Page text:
Common Mistakes in Healthcare Data Governance – Part 1

Jul 7, 2021

INTRODUCTION

Healthcare data governance is difficult. And frankly not very exciting. Decision-makers often express appreciation of those who develop a flashy new report or deliver a new insight based on analytics, but they rarely see the amount of work it takes to ensure the underlying data is valid: resolving conflicting definitions, tracking down data integrity issues, and monitoring data quality.

While it might not get the glory, data governance is foundational to all other data analytics success in an organization. And avoiding a few common mistakes that we’ve seen in healthcare organizations we’ve worked with will help increase your chances of success significantly.

Here are three common mistakes found in healthcare data governance:

Mistake #1: Making Enterprise Data Governance an IT Project

Based on name alone, the information technology (IT) or information services (IS) teams seem like they would be a good fit for anything data and analytics-related. It’s bits and bytes, right? However, as data becomes more and more of a key strategic asset, organizations are realizing that data management and analysis functions and capabilities must be more closely tied to the clinical and operational processes they analyze. It’s no longer enough for IT to gather requirements from the users and then go build. Instead, IT needs to enable and support the users to apply their clinical and business knowledge while they fish for themselves.

In the same way, data governance has to be a business-led, IT-supported endeavor to be effective. Those closest to the clinical or operational data subject matter are best equipped to create definitions, validate data, identify correct and incorrect results, and determine the priority by which data issues should be addressed.

In addition, if clinical and operational stakeholders don’t have specific data governance responsibilities, they are unlikely to be meaningfully engaged and even less likely to be proactive. Having a cross-functional data governance steering committee isn’t enough—there must be cross-functional data governance execution.

Mistake #2: The “Everyone But No One” Problem

The natural inclination of data governance is toward disorder. While some organizations do a great job of developing and communicating a compelling vision for shared data governance responsibilities, they can eventually drop the ball with day-to-day operations. Over time the attention of the organization moves to other issues. Things like filling in descriptions for reports and calculations, ensuring healthcare metrics stay in sync, and data validation fall by the wayside.

When everybody has responsibility for data governance, ultimately nobody has responsibility for data governance. That’s why there needs to be at least one person in your organization who has data governance facilitation in their job description. Ideally there is a team of data governance facilitators, but even having a partial FTE devoted to “minding the store” of data governance is a good start to help the program continue to make progress.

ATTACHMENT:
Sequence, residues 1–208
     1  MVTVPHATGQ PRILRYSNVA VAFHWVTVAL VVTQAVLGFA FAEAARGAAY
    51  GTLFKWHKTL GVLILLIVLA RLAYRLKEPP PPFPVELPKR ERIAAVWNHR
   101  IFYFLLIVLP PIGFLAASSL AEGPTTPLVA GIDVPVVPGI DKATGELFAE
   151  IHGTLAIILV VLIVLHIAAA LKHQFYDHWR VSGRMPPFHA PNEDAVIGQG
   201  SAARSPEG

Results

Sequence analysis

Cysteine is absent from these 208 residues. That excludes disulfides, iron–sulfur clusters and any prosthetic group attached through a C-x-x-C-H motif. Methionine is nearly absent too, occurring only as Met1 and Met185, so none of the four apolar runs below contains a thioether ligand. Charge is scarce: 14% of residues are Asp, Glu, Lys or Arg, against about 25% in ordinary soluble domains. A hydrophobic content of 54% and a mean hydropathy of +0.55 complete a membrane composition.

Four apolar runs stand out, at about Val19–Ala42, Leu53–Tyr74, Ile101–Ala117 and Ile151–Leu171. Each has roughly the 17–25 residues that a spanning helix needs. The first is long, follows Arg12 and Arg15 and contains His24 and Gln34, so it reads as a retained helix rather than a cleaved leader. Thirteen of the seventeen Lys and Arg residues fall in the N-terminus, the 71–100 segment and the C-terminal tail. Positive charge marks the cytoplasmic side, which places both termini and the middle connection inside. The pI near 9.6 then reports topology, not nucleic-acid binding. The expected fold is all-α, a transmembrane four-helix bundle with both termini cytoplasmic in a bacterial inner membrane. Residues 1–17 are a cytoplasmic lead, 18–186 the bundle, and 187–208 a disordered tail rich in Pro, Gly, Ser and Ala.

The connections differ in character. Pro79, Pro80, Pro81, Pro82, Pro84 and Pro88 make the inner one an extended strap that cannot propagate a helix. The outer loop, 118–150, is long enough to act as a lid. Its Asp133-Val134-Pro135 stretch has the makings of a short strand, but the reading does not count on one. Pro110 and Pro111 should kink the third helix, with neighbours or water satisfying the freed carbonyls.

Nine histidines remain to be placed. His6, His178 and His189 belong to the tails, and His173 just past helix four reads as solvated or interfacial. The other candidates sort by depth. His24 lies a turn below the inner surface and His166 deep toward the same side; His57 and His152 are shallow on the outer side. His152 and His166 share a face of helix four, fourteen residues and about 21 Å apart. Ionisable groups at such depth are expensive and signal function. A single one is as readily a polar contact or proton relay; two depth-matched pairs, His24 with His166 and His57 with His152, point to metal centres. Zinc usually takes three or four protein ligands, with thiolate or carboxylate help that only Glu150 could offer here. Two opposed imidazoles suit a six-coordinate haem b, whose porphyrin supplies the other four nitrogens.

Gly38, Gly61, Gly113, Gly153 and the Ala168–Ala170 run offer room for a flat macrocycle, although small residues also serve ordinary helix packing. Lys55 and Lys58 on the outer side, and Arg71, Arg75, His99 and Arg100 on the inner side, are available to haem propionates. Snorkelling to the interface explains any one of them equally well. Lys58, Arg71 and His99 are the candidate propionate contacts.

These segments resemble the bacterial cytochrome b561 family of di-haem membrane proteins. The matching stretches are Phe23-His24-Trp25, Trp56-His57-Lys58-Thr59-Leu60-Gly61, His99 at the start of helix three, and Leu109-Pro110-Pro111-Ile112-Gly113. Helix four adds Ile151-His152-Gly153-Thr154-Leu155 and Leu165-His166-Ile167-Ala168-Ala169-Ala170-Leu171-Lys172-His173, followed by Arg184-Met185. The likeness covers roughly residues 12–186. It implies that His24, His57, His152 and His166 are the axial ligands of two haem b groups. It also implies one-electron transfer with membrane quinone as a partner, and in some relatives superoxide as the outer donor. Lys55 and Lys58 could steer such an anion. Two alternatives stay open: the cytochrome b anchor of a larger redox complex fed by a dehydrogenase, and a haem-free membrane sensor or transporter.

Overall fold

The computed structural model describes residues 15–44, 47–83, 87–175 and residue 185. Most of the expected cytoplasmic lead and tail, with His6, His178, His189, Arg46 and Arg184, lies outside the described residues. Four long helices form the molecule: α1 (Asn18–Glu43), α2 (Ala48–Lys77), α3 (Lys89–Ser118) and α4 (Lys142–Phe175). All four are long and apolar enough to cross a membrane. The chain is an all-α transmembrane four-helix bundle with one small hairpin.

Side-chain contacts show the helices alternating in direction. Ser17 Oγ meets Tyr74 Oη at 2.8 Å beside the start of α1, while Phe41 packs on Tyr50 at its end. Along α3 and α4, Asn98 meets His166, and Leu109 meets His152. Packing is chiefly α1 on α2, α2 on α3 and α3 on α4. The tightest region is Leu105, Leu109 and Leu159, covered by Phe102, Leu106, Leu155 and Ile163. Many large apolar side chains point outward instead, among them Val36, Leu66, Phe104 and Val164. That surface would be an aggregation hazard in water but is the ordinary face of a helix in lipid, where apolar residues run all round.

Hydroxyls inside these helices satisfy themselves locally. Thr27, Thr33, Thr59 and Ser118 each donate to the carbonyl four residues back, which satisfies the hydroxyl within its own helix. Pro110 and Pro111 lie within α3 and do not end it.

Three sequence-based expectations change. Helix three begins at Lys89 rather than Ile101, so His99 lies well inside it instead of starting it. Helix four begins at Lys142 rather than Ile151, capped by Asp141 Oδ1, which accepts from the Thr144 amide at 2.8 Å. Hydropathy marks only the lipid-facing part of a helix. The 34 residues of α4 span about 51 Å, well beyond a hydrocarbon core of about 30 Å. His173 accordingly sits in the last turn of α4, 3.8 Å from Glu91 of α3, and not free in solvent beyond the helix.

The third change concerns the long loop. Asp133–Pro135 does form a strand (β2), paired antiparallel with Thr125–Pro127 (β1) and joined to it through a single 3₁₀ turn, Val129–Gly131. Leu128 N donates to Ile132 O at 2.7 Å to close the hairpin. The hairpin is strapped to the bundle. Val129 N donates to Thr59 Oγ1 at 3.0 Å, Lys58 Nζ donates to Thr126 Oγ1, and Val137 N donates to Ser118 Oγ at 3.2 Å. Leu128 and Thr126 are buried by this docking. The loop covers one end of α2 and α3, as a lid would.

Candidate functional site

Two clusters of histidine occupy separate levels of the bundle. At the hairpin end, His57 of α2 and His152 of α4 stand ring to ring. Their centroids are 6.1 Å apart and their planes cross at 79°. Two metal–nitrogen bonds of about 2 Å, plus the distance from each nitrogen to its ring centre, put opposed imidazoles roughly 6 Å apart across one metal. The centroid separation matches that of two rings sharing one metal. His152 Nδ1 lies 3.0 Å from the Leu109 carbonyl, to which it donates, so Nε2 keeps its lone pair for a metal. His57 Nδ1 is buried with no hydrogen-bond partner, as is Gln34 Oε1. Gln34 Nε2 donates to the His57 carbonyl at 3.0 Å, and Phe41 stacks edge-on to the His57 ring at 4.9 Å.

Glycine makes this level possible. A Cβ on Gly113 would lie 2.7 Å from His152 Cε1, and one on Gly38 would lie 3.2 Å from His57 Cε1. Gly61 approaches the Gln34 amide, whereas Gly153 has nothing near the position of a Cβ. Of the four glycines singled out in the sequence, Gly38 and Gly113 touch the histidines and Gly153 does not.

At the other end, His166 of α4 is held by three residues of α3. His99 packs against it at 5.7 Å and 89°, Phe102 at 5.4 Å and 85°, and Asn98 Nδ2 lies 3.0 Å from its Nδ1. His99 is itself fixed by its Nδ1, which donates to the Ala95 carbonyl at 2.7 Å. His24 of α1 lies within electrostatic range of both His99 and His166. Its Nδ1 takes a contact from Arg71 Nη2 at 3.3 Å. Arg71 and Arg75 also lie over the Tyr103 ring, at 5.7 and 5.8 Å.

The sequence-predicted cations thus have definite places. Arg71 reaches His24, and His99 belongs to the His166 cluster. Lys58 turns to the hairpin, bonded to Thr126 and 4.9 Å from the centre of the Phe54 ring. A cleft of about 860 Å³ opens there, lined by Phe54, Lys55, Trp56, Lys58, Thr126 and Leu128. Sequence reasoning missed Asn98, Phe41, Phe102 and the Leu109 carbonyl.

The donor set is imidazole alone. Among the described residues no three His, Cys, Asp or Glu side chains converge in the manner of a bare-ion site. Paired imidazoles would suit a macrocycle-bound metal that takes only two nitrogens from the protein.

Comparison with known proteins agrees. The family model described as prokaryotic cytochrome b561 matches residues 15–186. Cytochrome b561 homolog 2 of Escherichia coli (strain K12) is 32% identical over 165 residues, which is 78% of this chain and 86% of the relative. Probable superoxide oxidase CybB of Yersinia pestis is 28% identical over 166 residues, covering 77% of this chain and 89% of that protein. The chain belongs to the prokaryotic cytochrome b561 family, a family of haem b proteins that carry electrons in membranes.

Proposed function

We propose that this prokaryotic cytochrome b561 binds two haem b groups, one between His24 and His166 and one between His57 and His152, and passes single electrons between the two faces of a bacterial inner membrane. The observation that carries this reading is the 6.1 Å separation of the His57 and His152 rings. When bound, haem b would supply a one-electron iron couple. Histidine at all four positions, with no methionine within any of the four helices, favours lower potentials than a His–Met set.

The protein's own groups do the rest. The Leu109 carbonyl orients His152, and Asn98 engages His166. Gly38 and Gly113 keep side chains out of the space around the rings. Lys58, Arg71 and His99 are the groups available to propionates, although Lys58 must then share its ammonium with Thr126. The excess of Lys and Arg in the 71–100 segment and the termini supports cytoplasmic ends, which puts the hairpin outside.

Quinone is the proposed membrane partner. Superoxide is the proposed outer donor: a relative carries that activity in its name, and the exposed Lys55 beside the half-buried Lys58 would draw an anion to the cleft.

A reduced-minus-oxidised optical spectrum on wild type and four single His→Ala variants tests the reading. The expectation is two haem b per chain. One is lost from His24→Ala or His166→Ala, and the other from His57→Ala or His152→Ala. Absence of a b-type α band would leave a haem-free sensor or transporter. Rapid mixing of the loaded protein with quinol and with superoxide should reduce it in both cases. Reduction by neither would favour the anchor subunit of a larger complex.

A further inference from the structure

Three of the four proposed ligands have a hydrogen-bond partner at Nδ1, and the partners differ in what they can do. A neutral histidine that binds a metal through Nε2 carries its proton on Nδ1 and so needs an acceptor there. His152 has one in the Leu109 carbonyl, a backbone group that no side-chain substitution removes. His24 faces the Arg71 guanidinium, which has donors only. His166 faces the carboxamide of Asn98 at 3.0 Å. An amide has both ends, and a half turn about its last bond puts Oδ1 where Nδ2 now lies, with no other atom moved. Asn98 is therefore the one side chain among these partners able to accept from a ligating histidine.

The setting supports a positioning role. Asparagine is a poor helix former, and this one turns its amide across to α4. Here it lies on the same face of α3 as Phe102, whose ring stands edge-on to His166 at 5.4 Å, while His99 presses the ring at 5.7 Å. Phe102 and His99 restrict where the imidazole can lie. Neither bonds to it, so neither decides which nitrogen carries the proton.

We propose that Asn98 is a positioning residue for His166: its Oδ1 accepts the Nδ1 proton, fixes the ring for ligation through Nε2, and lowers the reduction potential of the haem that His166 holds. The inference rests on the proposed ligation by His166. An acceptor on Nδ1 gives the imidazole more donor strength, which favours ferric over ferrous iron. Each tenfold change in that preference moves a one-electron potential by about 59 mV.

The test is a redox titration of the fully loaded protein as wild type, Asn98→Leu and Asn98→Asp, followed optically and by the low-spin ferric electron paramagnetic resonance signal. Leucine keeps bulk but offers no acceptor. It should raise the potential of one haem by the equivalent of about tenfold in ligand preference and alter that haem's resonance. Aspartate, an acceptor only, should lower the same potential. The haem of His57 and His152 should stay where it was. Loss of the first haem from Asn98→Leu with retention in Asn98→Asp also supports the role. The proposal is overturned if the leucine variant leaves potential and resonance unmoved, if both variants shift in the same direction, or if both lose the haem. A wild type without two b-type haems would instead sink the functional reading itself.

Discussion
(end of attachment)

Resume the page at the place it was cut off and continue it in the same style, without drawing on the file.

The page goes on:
If you’re interested in deploying a data governance facilitator, their daily tasks include monitoring the data catalog to ensure definitions are populated, interfacing with data stewards to keep their responsibilities top-of-mind for them, and reporting issues, challenges, and overall progress to the data governance steering committee.

Mistake #3: Assuming “If You Buy It, They Will Come”

Apologies for mangling the famous movie line, but some organizations believe that if they purchase a market-leading data catalog and metadata management tool, people will finally take enterprise data governance seriously. They hope the costly investment will force the organization to take notice and take action. Not surprisingly, the desired results do not come about simply due to throwing money at the problem, and the organization is left with a large bill and an even steeper hill to climb when they take another run at data governance the next time.

Instead, a much more holistic and pragmatic approach is needed. Definitions, calculations, and lists of available reports, dashboards, and metrics need to go somewhere; otherwise, the organization can’t leverage them, making a data catalog essential. However, overspending on a product in which only 50% to 80% of the functionality will be used any time in the near future is not a good way to way to get the organization on board. A better approach is to acquire a more affordable hospital data catalog in line with realistic needs and spend the additional money on data governance facilitators, data literacy education/support, and internal marketing.

And of course it’s not just about money. Data governance is challenging and it’s a project that is never done. So while you can make some progress by setting up a data catalog, making definitions visible and business logic transparent to the organization, and then using these things to help “sell” the vision, ultimately without strong leadership support the data governance program will not progress very far. Like most endeavors, you must move forward on all fronts of people, process, and technology to see data governance take hold in your organization.

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